Wednesday, September 30, 2009

"This synagogue is 'very' Reform."

"This synagogue is 'very' Reform." But as the Rabbi said, this is meant as a judgment but, with the right attitude and for the right person, it can also be a good thing.

The Jewish high holidays have come and gone, and while it's certainly a time for reflection on the past year and what's ahead, I did most of my thinking about what type of synagogue I want to join. First, I saw my own temple in Atlanta through Adam's eyes when he was astonished by how much music was incorporated into the service and how few prayers are sung in Hebrew. An organ in a synagogue? What is this? Church?

I don't blame him. My Jewish identity was primarily cultivated at the religious summer camps I went to year after year starting at age 8. Where "pluralist" really meant "Conservative." I recited prayers every morning and before and after meals. And, yes, I do mean "recited." While I learned to read Hebrew for my Bat Mitzvah, I cannot read and understand word for word the Hebrew prayers. Does it bother me that I cannot translate them? No, most importantly, I understand the gist and I find meaning in the recitation of time worn Hebrew prayers.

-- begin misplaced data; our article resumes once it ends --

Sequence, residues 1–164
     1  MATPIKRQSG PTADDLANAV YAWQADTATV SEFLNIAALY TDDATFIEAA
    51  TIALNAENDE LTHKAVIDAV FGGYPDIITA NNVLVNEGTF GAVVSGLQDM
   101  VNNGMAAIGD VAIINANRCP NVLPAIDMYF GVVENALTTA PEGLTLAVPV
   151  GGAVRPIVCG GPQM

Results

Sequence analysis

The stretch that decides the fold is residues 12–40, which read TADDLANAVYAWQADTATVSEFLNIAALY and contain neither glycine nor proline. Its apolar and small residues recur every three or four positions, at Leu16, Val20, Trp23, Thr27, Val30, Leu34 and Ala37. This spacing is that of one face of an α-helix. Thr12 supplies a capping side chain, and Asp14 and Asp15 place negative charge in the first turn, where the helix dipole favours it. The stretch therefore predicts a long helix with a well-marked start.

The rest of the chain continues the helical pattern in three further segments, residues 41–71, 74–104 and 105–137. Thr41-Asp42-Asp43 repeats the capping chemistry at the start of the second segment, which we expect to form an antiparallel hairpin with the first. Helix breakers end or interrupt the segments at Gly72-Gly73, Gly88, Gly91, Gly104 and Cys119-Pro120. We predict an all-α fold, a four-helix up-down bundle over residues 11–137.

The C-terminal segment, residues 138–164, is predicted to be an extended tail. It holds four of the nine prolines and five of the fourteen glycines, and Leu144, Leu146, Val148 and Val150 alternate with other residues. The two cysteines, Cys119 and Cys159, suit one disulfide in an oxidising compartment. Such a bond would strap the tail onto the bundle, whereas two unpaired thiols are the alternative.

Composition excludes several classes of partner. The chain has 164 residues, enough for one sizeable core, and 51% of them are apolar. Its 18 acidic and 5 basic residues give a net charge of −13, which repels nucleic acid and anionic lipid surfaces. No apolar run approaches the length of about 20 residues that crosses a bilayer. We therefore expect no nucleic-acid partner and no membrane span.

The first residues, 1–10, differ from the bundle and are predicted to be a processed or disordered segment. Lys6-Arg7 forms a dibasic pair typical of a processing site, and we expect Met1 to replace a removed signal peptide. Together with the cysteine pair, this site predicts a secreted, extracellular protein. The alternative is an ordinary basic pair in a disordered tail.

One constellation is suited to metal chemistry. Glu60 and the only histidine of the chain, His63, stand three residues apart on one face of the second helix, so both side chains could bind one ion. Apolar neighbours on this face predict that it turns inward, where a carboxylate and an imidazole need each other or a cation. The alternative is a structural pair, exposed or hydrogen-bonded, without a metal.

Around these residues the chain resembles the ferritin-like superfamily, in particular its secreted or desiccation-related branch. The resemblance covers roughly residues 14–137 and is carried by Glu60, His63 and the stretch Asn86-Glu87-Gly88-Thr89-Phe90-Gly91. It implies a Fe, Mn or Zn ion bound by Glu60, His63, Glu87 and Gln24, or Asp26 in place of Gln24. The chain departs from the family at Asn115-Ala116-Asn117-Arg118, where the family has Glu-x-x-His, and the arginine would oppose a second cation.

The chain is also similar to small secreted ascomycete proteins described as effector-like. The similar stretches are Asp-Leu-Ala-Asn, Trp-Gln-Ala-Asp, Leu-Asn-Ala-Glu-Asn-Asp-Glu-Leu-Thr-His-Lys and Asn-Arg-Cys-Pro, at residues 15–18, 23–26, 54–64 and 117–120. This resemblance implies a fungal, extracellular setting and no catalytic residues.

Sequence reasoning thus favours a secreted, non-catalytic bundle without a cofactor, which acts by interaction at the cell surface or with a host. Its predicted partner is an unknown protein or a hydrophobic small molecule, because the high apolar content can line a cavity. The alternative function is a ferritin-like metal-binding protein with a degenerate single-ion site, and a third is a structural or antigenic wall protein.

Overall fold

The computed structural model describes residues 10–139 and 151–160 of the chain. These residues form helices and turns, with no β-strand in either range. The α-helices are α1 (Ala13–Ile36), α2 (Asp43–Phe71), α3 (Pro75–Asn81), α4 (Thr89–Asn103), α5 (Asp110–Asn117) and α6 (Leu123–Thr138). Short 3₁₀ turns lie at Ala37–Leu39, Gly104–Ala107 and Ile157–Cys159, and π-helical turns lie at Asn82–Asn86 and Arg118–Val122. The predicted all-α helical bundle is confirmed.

Interestingly, in Atlanta, one of the rabbi's sermons focused on the history and contemporary role of the Reform movement. An ever modernizing and evolving (reforming) sect of Judaism, I admire the social action and political inspirations to affect Tikun Olam through practice of Jewish values and ethics. However, my sense of spirituality doesn't agree with reading English translations of prayers that read more like shmaltzy poetry than religious evokations.

Would a Conservative synagogue be a better fit for me? That raises my concerns of being raised a Reform Jew feeling "lesser than" to other Jews who are "more Jewish." I don't agree with what I put in quotation marks--I've actually heard people say these things. In a Conservative synagogue, I struggle to feel as if I belong when I don't know a prayer everyone else knows by heart. But what do I really have to apologize for, be embarrassed about?

What's a happy medium? How will Adam and I want to raise our kids? And how did we get here? I believe that the history of the Jewish American experience is one that has been a constant back and forth, from one generation to the next. Our parents are reacting to what their parents did, and now it's our turn. Assimilated as ever, I reach out and embrace Hebrew prayers as a stamp of what makes Judaism Jewish. I want to have Shabbat dinner in my home, so my children will appreciate being raised in a Jewish household. And will they reject that?

Anyway, so long as I'm asking questions, my Jewish identity is intact. ;-)

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